The U.S. Geological Survey and university, public and private partners held an event April 10 at the University of Washington to introduce the ShakeAlert earthquake early warning program as a unified, West Coast-wide system. The event also introduced the first pilot uses of the earthquake early warning in Washington and Oregon.
The first Pacific Northwest pilot users of the system are Bothell, Wash.-based RH2 Engineering, which will use the alerts to secure municipal water and sewer systems so these structures remain usable after a major quake. Oregon’s first test user, the Eugene Water & Electricity Board, will use alerts to lower water levels in a canal above a residential area in Oregon, and to stop turbines at a river power plant. Both utility providers participated in a beta test group that has been learning about the system since early 2015 from the UW-based Pacific Northwest Seismic Network, which coordinates the system in Washington and Oregon.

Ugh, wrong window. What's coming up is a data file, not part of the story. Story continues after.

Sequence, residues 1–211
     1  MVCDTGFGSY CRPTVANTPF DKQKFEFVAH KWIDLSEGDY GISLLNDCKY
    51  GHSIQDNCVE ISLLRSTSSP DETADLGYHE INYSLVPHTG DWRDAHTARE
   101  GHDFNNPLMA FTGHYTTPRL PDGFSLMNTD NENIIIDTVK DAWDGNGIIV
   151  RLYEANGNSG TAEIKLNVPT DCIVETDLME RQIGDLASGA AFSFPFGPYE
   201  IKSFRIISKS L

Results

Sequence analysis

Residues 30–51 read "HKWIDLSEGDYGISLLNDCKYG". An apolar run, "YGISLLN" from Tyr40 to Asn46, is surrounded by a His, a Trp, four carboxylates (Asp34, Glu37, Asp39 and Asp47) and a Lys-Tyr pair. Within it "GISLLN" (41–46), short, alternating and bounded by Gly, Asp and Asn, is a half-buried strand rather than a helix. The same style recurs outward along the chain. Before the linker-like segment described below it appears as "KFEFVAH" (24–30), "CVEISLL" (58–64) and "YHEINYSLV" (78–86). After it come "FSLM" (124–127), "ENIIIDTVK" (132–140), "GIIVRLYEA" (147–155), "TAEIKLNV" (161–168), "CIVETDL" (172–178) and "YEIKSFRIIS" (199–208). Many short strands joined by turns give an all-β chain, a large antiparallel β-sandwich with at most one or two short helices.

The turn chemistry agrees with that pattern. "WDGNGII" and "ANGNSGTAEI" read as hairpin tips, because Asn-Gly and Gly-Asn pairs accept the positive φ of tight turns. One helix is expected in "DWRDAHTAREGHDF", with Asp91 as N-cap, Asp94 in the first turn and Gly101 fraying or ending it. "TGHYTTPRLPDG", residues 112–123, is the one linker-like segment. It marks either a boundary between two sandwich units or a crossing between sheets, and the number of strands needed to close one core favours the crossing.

“We are thrilled to take the first steps in integrating earthquake early warning into life in the Pacific Northwest,” John Vidale, UW professor of Earth and space sciences and director of the Pacific Northwest Seismic Network. “Our teamwork has made it possible to reach this milestone so quickly.”
The ShakeAlert system will provide seconds to minutes of warning before damaging shaking arrives. That would be enough time to get out of a dangerous building, turn off a vehicle, stop surgeries and other delicate activities, and prepare for the imminent ground shaking.